Learning to read with the Guided Reading method
Guided reading is a technique teachers employ to teach children to read using texts at their individual instructional reading levels. Guided reading is done in small groups in which students are all reading copies of the same book. The composition of the groups is fluid, and may change as the students’ abilities change. The main objective is to help students develop reading strategies that they can go on to use independently.
Guided reading teaches processes that result in proficient reading. For example, instead of learning about a specific book’s word meanings, students will learn to use a skill such as cross checking, which uses both letter/sound cues and also thinking about what would make sense in the meaning of the story. Some other strategies that are taught in guided reading instruction are use of context clues, letter/sound knowledge, syntax and word structure knowledge. Children will gradually use these skills more independently to become fluent readers.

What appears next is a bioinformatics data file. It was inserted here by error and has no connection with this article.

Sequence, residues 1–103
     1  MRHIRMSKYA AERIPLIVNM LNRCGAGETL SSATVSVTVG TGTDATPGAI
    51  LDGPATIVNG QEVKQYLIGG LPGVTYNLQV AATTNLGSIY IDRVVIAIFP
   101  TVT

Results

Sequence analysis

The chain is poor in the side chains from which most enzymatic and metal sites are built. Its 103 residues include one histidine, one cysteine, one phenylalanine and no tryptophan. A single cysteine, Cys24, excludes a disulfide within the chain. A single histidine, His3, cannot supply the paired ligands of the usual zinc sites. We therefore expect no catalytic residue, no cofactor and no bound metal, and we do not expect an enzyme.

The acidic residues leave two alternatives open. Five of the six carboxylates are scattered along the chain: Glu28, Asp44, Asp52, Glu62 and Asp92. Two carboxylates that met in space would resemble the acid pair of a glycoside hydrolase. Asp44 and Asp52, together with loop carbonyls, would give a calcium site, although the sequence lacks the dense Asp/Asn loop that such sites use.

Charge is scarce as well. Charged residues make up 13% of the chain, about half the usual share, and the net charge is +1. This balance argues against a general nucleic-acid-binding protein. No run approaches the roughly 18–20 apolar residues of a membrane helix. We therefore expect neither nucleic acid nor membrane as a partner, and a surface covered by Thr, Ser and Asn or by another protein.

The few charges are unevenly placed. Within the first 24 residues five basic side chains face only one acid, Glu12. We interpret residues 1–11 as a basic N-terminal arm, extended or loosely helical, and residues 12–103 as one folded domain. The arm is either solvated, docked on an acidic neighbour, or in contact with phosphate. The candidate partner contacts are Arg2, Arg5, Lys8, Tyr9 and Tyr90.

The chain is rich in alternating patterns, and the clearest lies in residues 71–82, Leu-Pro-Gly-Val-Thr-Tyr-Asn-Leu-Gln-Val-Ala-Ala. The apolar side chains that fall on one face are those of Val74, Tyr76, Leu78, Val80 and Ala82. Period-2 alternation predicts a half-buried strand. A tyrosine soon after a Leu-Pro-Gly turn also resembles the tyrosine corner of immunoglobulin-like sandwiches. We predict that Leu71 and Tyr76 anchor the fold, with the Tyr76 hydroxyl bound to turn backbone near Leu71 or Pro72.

Books that have previously been read in small groups will always be available for students to reread independently. With all these supports in place, children will grow to become confident, fluent and motivated readers.